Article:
It is interesting to think about with the new release structure. I think it is clear that Emmaline felt that the release meant she *should* die. It would have been brilliant to just have he in her calling for just a little longer, as she contributed so very much to the world.

    That being said, Belle Spafford’s anti-ERA rhetoric, and Julie Beck’s painful “Mothers who know” assumption make me wonder if the new releases have more to do with an attempt at retaining the support or retention of women in the Relief Society who may otherwise become embittered by some of statements leveled by the very limited female leadership. This way or not, it disempowers the General Relief Society presidency positions, i.e. short terms mean limited influence, for good or for bad.

    • That’s a good point. Short terms do limit the RS president’s power … and that can be good or bad depending on the person. Overall, though, I think I’d rather have RS leaders in for life, just because I think that has such important symbolic power.

  3. As I read about the social services programs that were initiated by the Relief Society, and managed exclusively and competently by the Relief Society for decades, it brought to mind this comment one of our readers made to a post about gender discrimination in church employment:

    The same rules apply when it comes to the Church Welfare System. My mom was the secretary at the Bishop’s Storehouse for years. When the manager (a male) was transferred to another region, she applied for the his position. She was obviously the most qualified of all of the candidates but she was told by the area manager guy that came to interview not even to bother. Her two youngest, my sisters, were in high school. She took it all the way to Salt Lake to the headquarters and was told, “that position traditionally goes to Priesthood holders.” End of story. She considered getting an attorney but decided she didn’t want to bring any negative press to the Church. http://www.the-exponent.com/lds-church-educational-system-employment-policies-for-mothers/comment-page-1/#comment-88390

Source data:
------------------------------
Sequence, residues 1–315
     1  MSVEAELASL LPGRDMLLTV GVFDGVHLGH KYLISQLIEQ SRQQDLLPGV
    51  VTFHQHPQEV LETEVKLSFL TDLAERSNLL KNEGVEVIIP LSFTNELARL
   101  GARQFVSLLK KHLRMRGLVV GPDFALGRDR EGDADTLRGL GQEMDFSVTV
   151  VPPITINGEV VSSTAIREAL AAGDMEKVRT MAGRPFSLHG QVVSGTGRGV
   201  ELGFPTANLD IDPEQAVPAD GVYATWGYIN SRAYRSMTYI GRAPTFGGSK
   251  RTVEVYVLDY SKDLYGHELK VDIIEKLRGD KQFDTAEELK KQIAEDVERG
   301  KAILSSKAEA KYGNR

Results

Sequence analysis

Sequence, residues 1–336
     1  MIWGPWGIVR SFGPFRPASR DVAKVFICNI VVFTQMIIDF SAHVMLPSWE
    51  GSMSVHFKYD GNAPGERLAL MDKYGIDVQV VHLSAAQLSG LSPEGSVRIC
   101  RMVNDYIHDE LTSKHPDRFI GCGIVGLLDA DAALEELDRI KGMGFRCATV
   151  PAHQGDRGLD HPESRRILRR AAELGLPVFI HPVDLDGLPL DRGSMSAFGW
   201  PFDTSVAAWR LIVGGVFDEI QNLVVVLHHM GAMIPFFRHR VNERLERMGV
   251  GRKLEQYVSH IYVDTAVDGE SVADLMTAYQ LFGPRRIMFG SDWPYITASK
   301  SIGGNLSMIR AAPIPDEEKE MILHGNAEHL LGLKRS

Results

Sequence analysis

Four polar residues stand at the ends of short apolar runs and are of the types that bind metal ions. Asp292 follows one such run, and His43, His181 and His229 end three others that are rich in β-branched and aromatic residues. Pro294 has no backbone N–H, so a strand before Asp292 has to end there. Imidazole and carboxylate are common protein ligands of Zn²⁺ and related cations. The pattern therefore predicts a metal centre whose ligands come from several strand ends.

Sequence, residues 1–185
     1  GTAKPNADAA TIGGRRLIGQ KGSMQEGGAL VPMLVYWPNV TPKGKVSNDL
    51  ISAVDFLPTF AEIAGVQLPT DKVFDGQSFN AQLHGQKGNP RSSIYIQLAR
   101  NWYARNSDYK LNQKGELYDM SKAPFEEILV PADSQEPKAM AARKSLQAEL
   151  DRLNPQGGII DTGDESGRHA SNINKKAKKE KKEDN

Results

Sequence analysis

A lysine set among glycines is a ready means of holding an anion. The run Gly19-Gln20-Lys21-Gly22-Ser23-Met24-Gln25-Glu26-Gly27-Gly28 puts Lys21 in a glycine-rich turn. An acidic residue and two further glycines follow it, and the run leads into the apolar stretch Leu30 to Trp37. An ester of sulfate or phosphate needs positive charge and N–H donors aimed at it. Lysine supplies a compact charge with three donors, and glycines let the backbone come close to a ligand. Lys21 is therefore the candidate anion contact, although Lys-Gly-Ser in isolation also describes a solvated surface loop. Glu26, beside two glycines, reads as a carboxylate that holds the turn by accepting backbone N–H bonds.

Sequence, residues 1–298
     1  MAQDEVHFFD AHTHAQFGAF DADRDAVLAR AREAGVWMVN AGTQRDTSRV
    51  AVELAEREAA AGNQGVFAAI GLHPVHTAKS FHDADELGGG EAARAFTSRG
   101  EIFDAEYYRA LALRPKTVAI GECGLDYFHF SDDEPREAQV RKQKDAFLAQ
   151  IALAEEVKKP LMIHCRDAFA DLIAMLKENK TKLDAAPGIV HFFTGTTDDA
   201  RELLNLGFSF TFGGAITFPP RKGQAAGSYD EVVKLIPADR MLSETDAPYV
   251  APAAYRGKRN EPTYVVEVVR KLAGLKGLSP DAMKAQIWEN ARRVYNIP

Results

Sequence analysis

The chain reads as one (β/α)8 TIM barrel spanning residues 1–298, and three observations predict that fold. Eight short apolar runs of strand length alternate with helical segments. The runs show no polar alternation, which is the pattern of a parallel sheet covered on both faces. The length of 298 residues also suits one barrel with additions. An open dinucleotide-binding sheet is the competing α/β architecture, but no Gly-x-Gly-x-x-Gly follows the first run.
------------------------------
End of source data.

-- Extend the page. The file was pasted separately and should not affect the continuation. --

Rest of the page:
Our “traditions” sure have changed, haven’t they?

    • April, that’s just maddening. Makes my blood boil.

  4. I love that you used one of these lessons to highlight a general RS president, Caroline. Such a good idea and not done nearly enough!

  5. In a hundred small ways, all of you wear the mantle of charity. Life is perfect for none of us. Rather than being judgmental and critical of each other, may we have the pure love of Christ for our fellow travelers in this journey through life. May we recognize that each one is doing her best to deal with the challenges which come her way, and may we strive to do our best to help out.

    ~Ali Raza
    1love org

  6. may we have the pure love of Christ for our fellow travelers in this journey through life.